With a 16-2 start in 1952, fans anticipated another good season. But the team soon felt the loss of their power hitters. Mays left in May for military service, while Irvin was out with a broken ankle. The other hitters, including Mueller, felt pressure to attempt home runs. His ineffectiveness, however, caused Durocher to bench him for 34 games. Mueller also had to prove his ability in right field, vying with Thomson, Thompson, Hartung, and others, but played more games than any of them and ended the season with a .281 batting average.
Early in the 1953 season, after being benched again for lack of home-run power, he stopped trying to be a power hitter. “My chance of hitting a single is very good,” he said at the time. “My chance of clouting a homer is very poor. It is certainly better for the team this way. If I am on base, I save a chance for Mays, Irvin, Thompson, or somebody to knock me in.” As proof of his theory, Mueller finished fifth in the National League with a .333 batting average. And with only 13 strikeouts, he was the most difficult batter to fan that year.
In the first five games of 1954, Mueller found himself benched twice in favor of long-ball hitters. Then he hit a pinch single during an eighth-inning rally and played in every game for the rest of the season. On May 2, he “stood in right field and watched five balls go over my head” at Busch Stadium when Stan Musial hit five homers in a Giants-Cardinals doubleheader, all into the right-field seats. Although Mueller had hit five home runs in two consecutive games in 1951, Musial became the first player in baseball history with five in one day. Mueller contributed to the Giants’ win in the second game, going 5-for-5, including a double and a triple, producing two RBIs. “My 5-for-5 got exactly two lines in the paper the next day,” referring to the extensive coverage of Musial’s feat.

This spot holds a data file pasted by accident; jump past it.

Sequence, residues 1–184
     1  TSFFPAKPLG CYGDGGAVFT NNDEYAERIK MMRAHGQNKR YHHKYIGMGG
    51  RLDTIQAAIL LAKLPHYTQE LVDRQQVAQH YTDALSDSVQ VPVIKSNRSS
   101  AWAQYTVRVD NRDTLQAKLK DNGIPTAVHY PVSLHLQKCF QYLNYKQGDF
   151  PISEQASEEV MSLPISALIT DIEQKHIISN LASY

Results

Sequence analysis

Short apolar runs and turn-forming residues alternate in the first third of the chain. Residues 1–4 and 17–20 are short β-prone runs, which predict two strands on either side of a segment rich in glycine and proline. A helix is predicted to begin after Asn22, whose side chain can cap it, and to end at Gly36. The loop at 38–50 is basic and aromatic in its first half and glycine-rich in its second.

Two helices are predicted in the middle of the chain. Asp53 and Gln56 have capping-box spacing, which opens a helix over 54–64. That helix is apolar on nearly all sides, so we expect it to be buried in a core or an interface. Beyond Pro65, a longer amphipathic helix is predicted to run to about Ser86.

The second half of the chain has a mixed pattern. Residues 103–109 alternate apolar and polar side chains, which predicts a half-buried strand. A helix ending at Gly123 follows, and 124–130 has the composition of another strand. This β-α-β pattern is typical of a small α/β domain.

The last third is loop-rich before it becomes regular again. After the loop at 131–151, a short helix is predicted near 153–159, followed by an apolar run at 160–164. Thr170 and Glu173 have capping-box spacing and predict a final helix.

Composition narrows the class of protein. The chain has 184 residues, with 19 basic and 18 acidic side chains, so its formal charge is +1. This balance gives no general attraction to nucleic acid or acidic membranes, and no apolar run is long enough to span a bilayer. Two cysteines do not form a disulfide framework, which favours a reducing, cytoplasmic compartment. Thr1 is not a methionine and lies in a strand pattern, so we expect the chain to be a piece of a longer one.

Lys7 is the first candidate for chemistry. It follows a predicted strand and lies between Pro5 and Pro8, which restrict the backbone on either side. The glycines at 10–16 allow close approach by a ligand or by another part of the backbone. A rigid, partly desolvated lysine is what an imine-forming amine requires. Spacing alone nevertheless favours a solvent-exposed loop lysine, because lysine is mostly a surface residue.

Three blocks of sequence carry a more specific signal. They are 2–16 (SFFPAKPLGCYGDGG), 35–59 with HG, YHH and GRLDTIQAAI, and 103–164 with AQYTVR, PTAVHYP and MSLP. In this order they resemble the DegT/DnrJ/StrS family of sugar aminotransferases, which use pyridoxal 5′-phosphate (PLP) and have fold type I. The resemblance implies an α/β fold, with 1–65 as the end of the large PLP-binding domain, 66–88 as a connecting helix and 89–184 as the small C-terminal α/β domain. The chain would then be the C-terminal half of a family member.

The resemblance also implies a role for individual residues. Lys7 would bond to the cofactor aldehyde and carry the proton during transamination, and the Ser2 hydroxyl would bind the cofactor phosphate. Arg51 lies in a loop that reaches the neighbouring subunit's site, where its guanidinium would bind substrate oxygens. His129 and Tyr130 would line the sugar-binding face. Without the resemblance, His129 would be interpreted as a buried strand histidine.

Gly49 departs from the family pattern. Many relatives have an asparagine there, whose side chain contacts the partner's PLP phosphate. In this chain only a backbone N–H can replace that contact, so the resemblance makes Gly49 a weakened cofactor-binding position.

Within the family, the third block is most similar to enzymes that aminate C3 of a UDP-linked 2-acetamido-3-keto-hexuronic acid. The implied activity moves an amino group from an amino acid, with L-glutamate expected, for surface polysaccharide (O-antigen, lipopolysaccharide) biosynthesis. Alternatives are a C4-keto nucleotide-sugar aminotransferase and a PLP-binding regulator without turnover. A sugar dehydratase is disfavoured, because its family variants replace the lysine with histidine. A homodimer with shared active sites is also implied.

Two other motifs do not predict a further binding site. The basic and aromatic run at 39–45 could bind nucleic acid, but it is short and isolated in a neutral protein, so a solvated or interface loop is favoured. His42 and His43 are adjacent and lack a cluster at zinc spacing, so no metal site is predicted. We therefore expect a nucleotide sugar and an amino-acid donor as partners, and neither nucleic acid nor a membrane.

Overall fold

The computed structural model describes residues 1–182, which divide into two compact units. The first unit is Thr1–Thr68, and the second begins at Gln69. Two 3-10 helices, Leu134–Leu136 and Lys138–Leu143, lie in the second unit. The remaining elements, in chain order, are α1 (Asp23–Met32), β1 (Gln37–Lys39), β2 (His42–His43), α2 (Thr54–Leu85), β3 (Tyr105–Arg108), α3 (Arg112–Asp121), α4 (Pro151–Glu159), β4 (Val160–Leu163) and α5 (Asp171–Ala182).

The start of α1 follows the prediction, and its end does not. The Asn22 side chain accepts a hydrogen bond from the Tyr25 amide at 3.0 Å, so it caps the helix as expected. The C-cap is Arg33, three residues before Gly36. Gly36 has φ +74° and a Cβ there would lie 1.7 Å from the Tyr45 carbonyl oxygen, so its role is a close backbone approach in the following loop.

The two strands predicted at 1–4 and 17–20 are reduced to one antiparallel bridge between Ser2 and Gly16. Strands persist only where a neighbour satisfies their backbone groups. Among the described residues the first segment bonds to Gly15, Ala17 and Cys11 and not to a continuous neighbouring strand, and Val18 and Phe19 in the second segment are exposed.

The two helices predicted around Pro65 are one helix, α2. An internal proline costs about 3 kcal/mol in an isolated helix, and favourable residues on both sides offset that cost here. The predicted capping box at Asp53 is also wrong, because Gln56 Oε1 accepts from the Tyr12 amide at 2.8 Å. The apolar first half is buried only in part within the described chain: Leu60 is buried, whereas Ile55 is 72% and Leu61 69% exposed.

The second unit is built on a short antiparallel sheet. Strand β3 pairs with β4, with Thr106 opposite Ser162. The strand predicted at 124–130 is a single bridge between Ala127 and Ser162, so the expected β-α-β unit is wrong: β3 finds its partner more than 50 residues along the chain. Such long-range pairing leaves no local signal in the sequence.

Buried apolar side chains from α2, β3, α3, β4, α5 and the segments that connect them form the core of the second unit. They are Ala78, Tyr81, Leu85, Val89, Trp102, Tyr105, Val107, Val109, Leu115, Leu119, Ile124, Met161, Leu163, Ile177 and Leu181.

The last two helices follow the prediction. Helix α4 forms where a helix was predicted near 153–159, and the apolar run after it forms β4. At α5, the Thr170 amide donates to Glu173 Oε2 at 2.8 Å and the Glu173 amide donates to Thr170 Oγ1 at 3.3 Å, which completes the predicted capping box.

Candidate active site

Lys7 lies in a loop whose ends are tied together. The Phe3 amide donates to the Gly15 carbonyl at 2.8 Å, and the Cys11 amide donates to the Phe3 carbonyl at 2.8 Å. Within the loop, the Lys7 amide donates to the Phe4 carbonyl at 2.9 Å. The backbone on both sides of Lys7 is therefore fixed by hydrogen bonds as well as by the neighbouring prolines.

National League All-Star Team manager Walter Alston, the Dodgers’ skipper, selected Mueller for the 1954 team. Pinch-hitting for pitcher Robin Roberts in a five-run fourth inning, Mueller came through with a clutch double, though the Nationals lost the game, 11-9.
Nearly all season, he made at least one hit per game, and on July 1, against four Pirates pitchers, he hit for the cycle: a double to left field, a triple to right center, a single to center, and in his final at-bat, a home run into the right-field seats off lefthander Dick Littlefield, his first homer of the season. As a left-handed batter, Mueller said, “Normally, I didn’t try to pull left-handers. I took them the other way. But I was a situation hitter and this was a situation. So I pulled him over the right-field wall for the home run.” That homer was one of Mueller’s four that year. He was the first Giant to hit for the cycle since Harry Danning in 1940 and the only major leaguer to accomplish the feat in 1954.
Willie Mays, who had returned from two years of military service, hit 41 home runs to lead the Giants to the 1954 National League championship. On the final day of the regular season he and Mueller were tied for the batting title. Mueller singled twice, but Mays had three hits to win the crown at .345, to Mueller’s .342. Though runner-up in the batting race, Mueller accumulated 212 base hits, the most in the league that year, and 17 more than Mays.